do not go to church and basically do nothing. Other than believe in a higher power. They don't preach to others or try and convince them that they too should believe in a higher power. They never mention it at all. To be clear, you wouldn't know they believe in a higher power and might say if asked whether they do "I'm not sure". Why do you feel you must tell others you're an atheist? Isn't that the same thing as someone who believes in a higher power having to tell others he does? Or preaching to them they should?

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Response to RegieRocker (Reply #57)

Thu Feb 16, 2012, 10:24 PM

58. You just described a closet Christian teacher.

The key, you'll find, is that the hypothetical teacher you describe refuses to self-identify even when directly asked. You may notice that Goblinmonger stated that the Christian teachers in his school are not closeted.

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Response to darkstar3 (Reply #58)

Fri Feb 17, 2012, 12:05 PM

63. That is my point. They should not be expressing their views or opinions

 

to students whether there is a god or not. What their beliefs are etc. Theirs is a position of power and knowledge and should not be used in this area.

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Response to RegieRocker (Reply #63)

Fri Feb 17, 2012, 08:01 PM

74. If you append "in the classroom" to your statement, then I'd agree with you.

I suspect GM would as well. However, this isn't just about "in the classroom". Personal life comes into it as well. I've seen teacher contracts marked for non-renewal because the principal or the school board found out that the teacher...

Went to a stip club.
Worked as a stripper for two years long before starting her teaching career.
Drank beer in the presence of a student. That student just happened to be the child of a family friend.
And much more.

When it comes to teachers, personal lives are under incredible scrutiny, especially in rural America. And none of the things I mentioned above are nearly as taboo as being the ultimate kind of infidel: not one who perhaps sees God a little differently yet still believes in him, but one who doesn't believe in God at all.

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Response to darkstar3 (Reply #74)

Sat Feb 18, 2012, 11:32 AM

77. My eighth grade teacher was an ex stripper.

 

My math teacher was gay. I could go on. They never were fired and it was a very rural town. County seat and in the farm belt. They didn't flaunt it nor show that they were. They were non descript in their actions and dress as were other teachers that might have been religious or other things. As I stated their is anger even between religious factions. I append nothing. It is your life, live it as you want, it's no one else's business as long as it doesn't harm others and doesn't influence them to your life choices.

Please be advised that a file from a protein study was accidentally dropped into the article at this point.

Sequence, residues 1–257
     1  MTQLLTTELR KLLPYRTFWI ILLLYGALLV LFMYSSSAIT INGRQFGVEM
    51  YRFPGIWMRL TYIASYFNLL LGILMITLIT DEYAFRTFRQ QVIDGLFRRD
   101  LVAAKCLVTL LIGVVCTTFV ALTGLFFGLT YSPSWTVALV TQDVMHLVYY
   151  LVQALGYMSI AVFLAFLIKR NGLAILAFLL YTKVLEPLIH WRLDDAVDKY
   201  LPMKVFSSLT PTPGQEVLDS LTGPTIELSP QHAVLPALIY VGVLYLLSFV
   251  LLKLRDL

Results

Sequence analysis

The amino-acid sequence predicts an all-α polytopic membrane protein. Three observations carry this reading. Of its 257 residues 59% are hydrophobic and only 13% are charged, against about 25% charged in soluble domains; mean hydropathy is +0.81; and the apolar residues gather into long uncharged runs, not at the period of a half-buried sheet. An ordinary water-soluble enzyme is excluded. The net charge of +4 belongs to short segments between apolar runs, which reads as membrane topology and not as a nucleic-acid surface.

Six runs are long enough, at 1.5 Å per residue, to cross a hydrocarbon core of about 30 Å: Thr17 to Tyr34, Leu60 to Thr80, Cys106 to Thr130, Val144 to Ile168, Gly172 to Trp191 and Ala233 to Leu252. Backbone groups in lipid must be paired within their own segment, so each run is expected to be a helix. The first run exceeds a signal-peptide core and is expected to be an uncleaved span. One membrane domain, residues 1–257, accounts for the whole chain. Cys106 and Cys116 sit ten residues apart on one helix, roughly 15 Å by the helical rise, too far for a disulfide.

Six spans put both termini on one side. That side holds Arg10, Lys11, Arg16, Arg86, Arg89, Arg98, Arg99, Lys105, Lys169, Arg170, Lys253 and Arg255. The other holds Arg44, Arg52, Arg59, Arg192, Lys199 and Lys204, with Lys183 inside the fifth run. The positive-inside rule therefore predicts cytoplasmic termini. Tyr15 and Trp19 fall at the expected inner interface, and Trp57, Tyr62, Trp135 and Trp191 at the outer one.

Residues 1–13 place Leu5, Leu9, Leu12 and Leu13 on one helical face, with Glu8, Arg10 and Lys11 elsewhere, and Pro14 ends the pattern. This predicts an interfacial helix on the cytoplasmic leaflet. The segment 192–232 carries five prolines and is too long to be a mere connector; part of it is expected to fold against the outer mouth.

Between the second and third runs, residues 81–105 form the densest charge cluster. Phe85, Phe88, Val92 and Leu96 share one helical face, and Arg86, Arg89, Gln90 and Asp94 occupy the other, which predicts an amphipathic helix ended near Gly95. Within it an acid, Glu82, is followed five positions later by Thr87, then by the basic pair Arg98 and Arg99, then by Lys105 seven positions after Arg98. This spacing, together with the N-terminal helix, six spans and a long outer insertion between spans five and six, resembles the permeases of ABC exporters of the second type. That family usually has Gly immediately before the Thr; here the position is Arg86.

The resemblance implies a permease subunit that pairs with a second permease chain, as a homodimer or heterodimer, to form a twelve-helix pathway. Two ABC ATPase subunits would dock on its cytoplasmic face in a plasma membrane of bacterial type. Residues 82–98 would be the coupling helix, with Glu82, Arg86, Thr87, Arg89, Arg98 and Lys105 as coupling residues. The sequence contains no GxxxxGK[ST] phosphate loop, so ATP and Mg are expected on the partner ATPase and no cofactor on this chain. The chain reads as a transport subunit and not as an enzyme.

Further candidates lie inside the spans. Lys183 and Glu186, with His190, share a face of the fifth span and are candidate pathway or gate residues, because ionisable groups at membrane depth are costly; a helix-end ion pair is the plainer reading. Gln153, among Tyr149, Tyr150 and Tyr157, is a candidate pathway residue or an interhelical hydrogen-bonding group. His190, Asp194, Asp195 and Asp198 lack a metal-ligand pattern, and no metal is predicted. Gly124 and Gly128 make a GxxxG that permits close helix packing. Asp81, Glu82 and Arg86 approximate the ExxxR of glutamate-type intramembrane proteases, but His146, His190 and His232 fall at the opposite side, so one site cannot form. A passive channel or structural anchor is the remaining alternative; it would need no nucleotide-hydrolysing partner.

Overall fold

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Response to RegieRocker (Reply #77)

Sat Feb 18, 2012, 03:45 PM

81. Oh, well, since everything was hunky-dory in your town it must be true everywhere.



Tighten that blindfold all you want, but it won't make your point any more valid. The idea that everyone should just "go along to get along" and then everything will be fine is naive bullshit. For further reading that you might find helpful on the subject, I suggest the popular children's book "A Wrinkle in Time."

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Response to darkstar3 (Reply #81)

Sun Feb 19, 2012, 01:40 AM

83. Have you read chicken little?

 

The opposite is true. Just because it's bad in one town doesn't mean it's bad in all towns. Hopefully much to your dismay there will remain a code of ethics that one must adhere to in a place of employment. You can whine and cry all you want but it is the way it is.

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Response to RegieRocker (Reply #83)

Sun Feb 19, 2012, 01:42 AM

84. What you absolutely refuse to see is that this is about far more than the workplace.

This is about inappropriate retaliation in the workplace for things that happen far outside of said workplace. Be smug about it all you want, but get it right first.

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Response to RegieRocker (Reply #57)

Fri Feb 17, 2012, 09:24 AM

62. I'm not saying I should be able to stand

in front of the class and say, unasked, that I am an atheist. Though I don't know why I shouldn't be able to if I so chose. I am talking about in general. I am facebook friends with a good deal of my colleagues. They have Jesus this, God that in their status all the time. If people knew due to my private life that I was an atheist, that would affect my job status.

If you don't think there is horrible backlash when people come out, check out the Cranston prayer banner stuff and see what happened to the young girl that dared to speak up for her 1st Amendment rights.